The Game of Life
I was 33, my second son was six months old, and my wife and I were starting the paperwork to purchase our first house. I was driving to work, to a job I had expected to leave before I turned 30, a job which nonetheless provided me with enough money to support my wife and now my two sons and perhaps the house we wanted to buy. As I drove to work I thought about numbers. I thought about how much more we would pay with the mortgage, about utility bills, about picking up an extra shift now and then to pay the mortgage and the utility bills. It was like a game, these numbers. I was good at games. In games you add up your numbers – the pips on your dice, your hit points and armor class, your batting average – you add all these numbers and at the end you know if you’ve won or lost. It was very clear because your victory is measured in numbers that cannot lie.
I get it, I thought. I see how you could fool yourself into thinking this is enough. This is quite a big game, learning how to survive and provide. It’s a long and important game. I can see how I could spend 20 years playing it. You could be 40 or 50 before you understand that there is absolutely no winning, maybe longer if you’re determined to keep playing. Why, I could do it with this job. It doesn’t matter that I really don’t like the job. Liking it isn’t the point. Winning the game is the point.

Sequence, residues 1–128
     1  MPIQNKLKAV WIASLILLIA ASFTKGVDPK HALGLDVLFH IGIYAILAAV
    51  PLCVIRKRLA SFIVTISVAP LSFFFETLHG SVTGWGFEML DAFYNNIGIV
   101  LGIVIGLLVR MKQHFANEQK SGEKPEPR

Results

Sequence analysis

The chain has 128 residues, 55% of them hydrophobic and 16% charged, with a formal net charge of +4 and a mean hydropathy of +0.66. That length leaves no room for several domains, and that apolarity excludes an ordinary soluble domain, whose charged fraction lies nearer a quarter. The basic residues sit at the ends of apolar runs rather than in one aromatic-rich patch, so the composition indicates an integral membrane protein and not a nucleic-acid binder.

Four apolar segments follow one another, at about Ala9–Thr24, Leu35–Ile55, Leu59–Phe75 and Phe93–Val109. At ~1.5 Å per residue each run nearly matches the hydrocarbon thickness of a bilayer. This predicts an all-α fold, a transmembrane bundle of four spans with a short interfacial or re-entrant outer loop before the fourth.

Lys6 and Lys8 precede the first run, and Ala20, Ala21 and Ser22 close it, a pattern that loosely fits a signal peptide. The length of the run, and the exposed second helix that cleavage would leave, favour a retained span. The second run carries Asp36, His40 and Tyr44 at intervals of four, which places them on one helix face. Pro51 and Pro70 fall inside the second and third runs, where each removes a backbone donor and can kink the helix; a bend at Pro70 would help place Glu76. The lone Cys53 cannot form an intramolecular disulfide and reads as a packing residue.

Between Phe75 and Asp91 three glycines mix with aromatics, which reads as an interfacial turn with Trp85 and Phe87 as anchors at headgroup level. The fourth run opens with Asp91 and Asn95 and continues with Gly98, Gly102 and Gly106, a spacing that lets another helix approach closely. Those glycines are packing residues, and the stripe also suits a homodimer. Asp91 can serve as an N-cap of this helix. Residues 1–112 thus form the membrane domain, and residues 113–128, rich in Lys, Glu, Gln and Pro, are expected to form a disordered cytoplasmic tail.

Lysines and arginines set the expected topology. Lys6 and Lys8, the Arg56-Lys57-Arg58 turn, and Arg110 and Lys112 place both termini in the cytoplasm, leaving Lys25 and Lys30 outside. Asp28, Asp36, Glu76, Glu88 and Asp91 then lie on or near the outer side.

I’d like to tell you I turned around at that moment and drove home, but I did not. I had a new baby and a new mortgage and I wasn’t about to leave my job. But I understood then that a life-long gamer like me had to be careful. If someone hands me dice, I want to roll them, and if someone shows me a finish line I want to be the first across it. I can’t go looking for a finish line that doesn’t exist – if I did I’d only run and run and run until I dropped.
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